Monday, 19 April 2021

Us Among the Stones (D. R. Hood, 2019)


Back in 2011, Dictynna Hood made a bit of a splash with her debut feature Wreckers, which boasted a couple of major stars in the form of Benedict Cumberbatch and Claire Foy, two actors who have seen their careers skyrocket in the years since that film was released.  Like WreckersUs Among the Stones was selected for the London Film Festival, where it played at the last pre-COVID edition of the annual event; beyond the possibility of further festival screenings, this Belgian co-production's commercial prospects look as bleak as its Dartmoor setting.  The lead role in Hood's latest film (her first since Wreckers) is played by Laurence Fox - son of James, star of UK TV series Lewis, and ex-husband of Billie Piper (whose directorial debut Rare Beasts also screened at the 2019 LFF).

Fox plays Owen, a resentful, difficult man who is caught in the crossfire of a family gathering in which the birthday girl - Owen's flaky mother - is apparently not long for this world.  The family appears to be a bohemian, eccentric operation - there are references to a childhood in which drugs were commonplace in the home, a situation which led to the young Owen accidentally taking acid; as you might reasonably expect, this incident still bothers him.  There are other characters floating in an out of the remote family farmhouse: Owen's brother/father/uncle/ex-partner et al, and our angry young(ish) man endures a quite fractious relationship with virtually all of them.  He seems both irritated by everyone and completely unsure of his place in the world, and, all told, he's impossible to warm to.


Move beyond Owen, however, and you'll find no respite; pretty much every adult character here is unreliable, unappealing, and self-absorbed - which in itself doesn't mean that a film isn't worthwhile, but it had better have something else up its sleeve.  Sadly, Us Among the Stones doesn't serve up much more, and the obligatory dinner table fireworks fail to provide any upturn in the viewing experience; there are tiresome revelations about characters you aren't invested in, and the arguments during the birthday meal might have been more interesting if everyone had been getting on - or even pretending to get on - in the buildup.  In such films, watching the lid blow off the pressure cooker is almost always the best bit.  But after more than an hour of watching this lot bicker away, there's little novelty in seeing them continue to do so as the film reaches its ostensible climax.

It's tough to get a handle on Us Among the Stones, and it continually feels as if it's wriggling out of your grasp - and not in a good way; rather than challenging the viewer, the film simply fails to engage.  There are one or two interesting aspects, such as the frequent use of stills photography, which is quite effective in terms of aesthetics yet never feels connected to anything more meaningful in the story.  The uncomfortable dinner party in which home truths are slung around is nothing new in cinema, and there are countless other, superior examples of movies which hinge on such a scenario - Thomas Vinterberg's Festen, an obvious reference point here, being one such film.  Despite a few brief flickers of potential, Us Among the Stones proves to be a monumentally wrongheaded film, and its 95 minutes make for quite an ordeal.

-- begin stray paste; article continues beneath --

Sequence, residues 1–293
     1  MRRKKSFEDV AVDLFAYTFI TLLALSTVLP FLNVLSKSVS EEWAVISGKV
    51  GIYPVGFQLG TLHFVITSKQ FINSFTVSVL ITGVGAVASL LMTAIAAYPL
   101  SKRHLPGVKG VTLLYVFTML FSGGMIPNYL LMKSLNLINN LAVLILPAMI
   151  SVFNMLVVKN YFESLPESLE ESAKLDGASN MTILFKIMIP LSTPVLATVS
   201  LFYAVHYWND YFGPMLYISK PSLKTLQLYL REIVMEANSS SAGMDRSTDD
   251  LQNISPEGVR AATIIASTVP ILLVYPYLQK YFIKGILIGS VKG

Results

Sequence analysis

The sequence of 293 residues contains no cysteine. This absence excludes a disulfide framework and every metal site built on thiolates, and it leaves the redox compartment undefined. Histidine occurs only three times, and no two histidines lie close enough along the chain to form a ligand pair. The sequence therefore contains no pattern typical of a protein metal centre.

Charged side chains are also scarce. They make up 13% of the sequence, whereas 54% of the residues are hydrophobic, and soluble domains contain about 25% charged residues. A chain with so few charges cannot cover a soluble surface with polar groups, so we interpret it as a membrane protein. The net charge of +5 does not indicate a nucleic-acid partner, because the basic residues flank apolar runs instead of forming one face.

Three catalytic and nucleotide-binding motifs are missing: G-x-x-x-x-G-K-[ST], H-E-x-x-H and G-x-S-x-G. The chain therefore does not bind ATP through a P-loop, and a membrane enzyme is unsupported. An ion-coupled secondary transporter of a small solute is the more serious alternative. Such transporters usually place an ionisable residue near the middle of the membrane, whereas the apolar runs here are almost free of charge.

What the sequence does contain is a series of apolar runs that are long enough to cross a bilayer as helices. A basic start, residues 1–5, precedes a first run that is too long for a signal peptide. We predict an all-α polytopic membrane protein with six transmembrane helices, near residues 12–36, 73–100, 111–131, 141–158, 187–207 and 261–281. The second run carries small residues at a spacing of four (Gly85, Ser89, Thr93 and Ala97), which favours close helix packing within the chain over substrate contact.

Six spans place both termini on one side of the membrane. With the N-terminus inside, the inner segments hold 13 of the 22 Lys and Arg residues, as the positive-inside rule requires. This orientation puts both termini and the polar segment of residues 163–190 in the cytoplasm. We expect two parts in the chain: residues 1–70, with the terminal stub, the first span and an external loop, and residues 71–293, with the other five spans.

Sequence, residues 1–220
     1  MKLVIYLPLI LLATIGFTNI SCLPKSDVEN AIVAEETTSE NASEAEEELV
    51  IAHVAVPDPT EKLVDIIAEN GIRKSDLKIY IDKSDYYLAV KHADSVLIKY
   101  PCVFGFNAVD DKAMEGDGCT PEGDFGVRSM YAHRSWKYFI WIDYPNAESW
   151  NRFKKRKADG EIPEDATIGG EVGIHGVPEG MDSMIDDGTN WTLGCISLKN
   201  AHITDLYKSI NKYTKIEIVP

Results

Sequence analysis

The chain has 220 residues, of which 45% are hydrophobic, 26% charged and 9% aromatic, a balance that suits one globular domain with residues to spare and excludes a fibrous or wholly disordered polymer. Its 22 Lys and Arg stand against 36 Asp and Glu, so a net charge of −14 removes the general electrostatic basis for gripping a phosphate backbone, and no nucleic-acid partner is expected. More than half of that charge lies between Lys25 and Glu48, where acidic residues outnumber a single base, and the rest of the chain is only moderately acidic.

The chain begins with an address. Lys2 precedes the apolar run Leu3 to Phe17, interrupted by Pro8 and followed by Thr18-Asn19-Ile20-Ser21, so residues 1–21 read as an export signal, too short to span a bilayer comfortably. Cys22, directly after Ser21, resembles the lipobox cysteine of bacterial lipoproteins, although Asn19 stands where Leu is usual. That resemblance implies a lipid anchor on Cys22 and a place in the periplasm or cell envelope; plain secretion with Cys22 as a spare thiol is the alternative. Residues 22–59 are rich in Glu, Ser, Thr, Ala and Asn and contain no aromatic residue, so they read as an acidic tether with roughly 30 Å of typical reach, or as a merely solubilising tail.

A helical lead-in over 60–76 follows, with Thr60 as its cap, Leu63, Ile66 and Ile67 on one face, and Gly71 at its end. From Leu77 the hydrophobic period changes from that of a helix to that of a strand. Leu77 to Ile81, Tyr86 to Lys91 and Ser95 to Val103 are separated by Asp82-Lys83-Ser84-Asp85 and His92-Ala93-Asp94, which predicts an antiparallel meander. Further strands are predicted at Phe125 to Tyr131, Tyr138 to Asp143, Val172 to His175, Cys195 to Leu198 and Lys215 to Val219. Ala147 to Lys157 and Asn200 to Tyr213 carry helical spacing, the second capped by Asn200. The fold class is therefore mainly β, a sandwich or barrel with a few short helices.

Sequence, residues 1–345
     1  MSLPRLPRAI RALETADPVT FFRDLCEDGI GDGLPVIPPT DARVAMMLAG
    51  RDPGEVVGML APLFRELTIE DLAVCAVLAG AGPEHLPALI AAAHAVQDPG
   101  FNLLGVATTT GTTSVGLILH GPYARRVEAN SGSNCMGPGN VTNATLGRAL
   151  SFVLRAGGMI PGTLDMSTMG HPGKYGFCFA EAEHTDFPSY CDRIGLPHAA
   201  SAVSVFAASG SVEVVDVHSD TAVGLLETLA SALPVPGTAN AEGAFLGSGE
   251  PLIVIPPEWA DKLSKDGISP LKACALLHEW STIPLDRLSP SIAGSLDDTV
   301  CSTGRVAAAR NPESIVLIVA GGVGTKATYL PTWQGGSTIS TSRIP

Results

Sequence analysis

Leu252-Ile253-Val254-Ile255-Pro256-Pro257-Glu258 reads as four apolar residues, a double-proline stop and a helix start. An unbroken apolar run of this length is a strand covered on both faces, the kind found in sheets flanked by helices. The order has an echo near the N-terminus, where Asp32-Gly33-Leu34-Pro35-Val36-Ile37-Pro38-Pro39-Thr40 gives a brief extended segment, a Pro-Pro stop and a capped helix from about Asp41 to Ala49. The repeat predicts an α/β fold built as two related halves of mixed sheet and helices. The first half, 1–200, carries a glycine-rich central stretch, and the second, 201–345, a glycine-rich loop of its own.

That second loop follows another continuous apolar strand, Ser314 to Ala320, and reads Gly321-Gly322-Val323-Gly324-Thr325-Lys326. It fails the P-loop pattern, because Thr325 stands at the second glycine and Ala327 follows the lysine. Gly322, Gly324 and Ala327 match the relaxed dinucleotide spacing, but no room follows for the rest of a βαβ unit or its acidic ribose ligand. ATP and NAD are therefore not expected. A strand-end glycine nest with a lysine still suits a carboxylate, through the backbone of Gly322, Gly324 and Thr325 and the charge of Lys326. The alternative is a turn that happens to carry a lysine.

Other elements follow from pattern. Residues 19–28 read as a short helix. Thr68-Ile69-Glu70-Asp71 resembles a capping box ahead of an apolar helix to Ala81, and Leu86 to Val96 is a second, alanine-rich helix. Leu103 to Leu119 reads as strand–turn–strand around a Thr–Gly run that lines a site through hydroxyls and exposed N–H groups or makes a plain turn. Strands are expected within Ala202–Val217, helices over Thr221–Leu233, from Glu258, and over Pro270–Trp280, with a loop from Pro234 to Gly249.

Darren Arnold

Images: image.net

Wednesday, 7 April 2021

BFI Flare 2021: the stats


The 35th edition of BFI Flare: London LGBTIQ+ Film Festival (17-28 March), the UK’s leading LGBTIQ+ film event, closed on 28 March and celebrated reaching increased audiences across the UK and internationally. Overall, the Festival saw 37,516 attendances for the film programme of features and shorts on BFI Player, plus 8,808 views for BFI Flare events, bolstered by the BFI Flare Screen Talk with Russell Tovey, which drew an audience of 4.4k across BFI YouTube and BFI Flare Facebook. In addition, the BFI Flare programme launch received 8,202 views across BFI Flare Facebook and BFI YouTube channels. In a continued partnership between BFI Flare and British Council, the seventh edition of the global campaign #FiveFilmsForFreedom saw worldwide audiences of 1.7 million viewers engage with the five featured short films online. 

Over 12 days between 17th–28th March, BFI Flare was more accessible to audiences across the UK than ever before, with 26 virtual feature premieres and 38 free shorts screened from 23 countries on BFI Player. BFI Flare hosted 4 World Premieres, 6 International Premieres, 1 European Premiere and 10 UK Premieres from across the features programme. 

 In a first for BFI Flare, each film was available for ticket holders to watch at any time throughout the duration of the festival. Additional elements included exclusive intros and Q&A’s with filmmaking talent and programmers and discursive panels. The BFI Flare programme was made even more accessible to audiences through closed captioning (supported by Mishcon de Reya) and audio description on all English-language films. Over 40% of virtual attendance for films came from outside of London and included key cities with Manchester, Birmingham, Bristol, Glasgow and Sheffield seeing the biggest audiences for features. 

All films have been extremely popular this year with virtual feature attendances reaching 79% of total occupancy and 66% of ticket buyers new to BFI Flare. Particular favourites included Peeter Rebane’s lavishly told, cold war drama FIREBIRD, Phil Connell’s heartfelt family drama JUMP, DARLING, starring the late Hollywood legend Cloris Leachman, Harri Shanahan and Sian A. Williams’ joyful history of post-punk dyke culture REBEL DYKES, Eytan Fox’s entertaining SUBLET, Zaida Bergroth’s biopic of beloved Moomins creator Tove Jansson, TOVE, Eugen Jebeleanu’s probing Bucharest-set drama POPPY FIELD and Shirel Peleg’s culture clash comedy KISS ME BEFORE IT BLOWS UP.

Source/image: BFI